Yep, or you could try balancing on a gym ball looking left n right, or maybe a bit of bouncing on a trampoline, Any of those would knock my balance out completely and put me flat on my back in bed for a week anytime if that’s the aim. Escalators, lifts, vibrating floors, dodgem cars at fairgrounds all worth avoiding with unstable MAV if you ask me.

Certainly be pointless for me. All these actions affect dynamic balance. Not everybody is the same. There do appear to be different versions of MAV. We each need to understand our own. I’d like to see some of these theorists cope with MAV practicalities though. I really would. There are exercises and there are exercises. Helen

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Vestibular therapy helped me very much, but I wouldn’t try it without the help of a highly qualified therapist.

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@sfnative: I agree that this shouldn’t be a DOI thing. Could you tell me maybe a little bit more about what you did? That would be great!!!

Otherwise, I guess we all have slightly different symptoms. What I’m suffering most from are:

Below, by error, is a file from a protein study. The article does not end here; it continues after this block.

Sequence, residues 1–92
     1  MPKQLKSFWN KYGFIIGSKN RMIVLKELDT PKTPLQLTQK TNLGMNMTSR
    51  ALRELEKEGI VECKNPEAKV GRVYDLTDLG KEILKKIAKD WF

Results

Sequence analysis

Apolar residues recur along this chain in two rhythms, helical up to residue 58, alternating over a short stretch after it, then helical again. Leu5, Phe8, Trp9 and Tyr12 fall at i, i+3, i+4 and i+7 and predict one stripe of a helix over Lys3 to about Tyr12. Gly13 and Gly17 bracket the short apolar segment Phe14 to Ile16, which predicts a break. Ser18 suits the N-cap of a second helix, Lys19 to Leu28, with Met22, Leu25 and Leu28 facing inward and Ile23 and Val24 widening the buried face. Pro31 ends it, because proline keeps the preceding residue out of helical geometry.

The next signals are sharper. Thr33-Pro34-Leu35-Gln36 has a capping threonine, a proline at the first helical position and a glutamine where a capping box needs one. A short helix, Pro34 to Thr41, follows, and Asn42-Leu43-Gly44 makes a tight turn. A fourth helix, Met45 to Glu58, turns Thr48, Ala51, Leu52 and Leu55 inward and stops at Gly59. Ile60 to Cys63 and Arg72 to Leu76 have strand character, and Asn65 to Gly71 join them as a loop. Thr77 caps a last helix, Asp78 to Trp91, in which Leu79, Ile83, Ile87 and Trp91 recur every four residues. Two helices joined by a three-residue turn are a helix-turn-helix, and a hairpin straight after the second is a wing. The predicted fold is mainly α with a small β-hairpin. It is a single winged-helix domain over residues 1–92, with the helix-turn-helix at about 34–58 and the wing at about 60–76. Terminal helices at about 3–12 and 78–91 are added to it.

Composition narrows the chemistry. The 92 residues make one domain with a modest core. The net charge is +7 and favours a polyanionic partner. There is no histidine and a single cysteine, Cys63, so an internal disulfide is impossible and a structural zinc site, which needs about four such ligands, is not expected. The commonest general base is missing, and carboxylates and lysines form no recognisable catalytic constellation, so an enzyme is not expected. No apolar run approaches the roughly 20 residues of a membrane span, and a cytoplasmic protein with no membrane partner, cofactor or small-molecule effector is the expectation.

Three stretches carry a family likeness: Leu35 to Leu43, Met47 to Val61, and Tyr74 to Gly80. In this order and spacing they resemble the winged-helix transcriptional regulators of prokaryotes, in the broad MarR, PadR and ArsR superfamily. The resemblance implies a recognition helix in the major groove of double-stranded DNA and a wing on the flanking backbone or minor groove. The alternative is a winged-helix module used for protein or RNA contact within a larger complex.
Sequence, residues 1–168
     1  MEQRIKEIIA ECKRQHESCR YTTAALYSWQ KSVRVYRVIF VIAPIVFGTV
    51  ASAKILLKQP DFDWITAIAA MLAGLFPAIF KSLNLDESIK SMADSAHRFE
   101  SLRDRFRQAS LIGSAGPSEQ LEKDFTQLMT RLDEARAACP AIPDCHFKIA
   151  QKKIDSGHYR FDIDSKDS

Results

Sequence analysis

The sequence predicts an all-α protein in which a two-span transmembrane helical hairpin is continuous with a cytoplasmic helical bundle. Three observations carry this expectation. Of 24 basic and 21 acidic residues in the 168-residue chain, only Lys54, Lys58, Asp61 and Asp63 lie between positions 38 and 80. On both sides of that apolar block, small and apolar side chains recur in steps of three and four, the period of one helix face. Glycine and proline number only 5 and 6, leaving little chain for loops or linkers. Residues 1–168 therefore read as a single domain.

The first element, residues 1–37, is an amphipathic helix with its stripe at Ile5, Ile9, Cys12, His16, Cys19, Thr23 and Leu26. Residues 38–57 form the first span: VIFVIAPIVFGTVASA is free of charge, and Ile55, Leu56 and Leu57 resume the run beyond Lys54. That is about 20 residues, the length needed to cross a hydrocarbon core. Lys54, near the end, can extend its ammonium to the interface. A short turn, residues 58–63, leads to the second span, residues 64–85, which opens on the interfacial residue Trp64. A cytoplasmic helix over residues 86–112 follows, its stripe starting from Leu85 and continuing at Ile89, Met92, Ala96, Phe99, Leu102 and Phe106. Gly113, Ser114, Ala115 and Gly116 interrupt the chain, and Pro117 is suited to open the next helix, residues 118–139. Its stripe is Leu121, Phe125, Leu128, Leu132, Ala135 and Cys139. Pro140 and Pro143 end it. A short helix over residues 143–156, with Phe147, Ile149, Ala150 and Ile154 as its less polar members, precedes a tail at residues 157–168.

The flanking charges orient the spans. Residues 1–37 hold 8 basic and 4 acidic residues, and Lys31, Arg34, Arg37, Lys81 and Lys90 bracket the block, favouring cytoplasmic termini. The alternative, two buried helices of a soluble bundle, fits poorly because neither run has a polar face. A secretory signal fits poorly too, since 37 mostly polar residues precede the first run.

• big crowds: just too much visual and auditive stimulation
  • walking down long, narrow aisles, e.g. in a super market
  • car driving beyond a certain speed. The road (including lines painted, trees on the side, etc.) rushing by left and right send me spinning.

My N. suggested that my left and right vestibular system might be not equally good (or bad for that matter) so with this road(or similiar) rushing by left and right might be “processed” asymmetrically causing confusion.

Best advice. Exercises need to be tailored to individuals specific needs. Doing ‘someone’ else’s might well prove far more damaging than taking someone else’s prescribed medicines.

Your symptoms sound like Visual Vertigo to me. Typical common symptoms which occur when MAV has the upper hand and is unstable. VRT is not generally recommended for unstable MAV. In fact few specialist recommend it for MAV period. It tends to be in much more general use in the US where VRT expertise first originated and still seems way ahead of Europe.

From what I’ve read (I’m not medical just another MAV ‘victim’) the brain would soon compensate for constant stable asymmetry to remove the confusion. Trouble is with MAV it’s unstable and constantly changes so there’s no stable baseline to which to return. Hence the use of preventatives. Helen

I have similar problems as you, Frank. Supermarkets and shopping malls are particularly difficult, the more crowded, brightly lit and noisy, the worse I feel. I can actually feel my brain slowing down – my movements, my speech, my thinking, all slow down in loud, visually busy spaces. Frustrating. That said, my symptoms are much less intense now and I believe vestibular therapy was partially responsible for the improvement.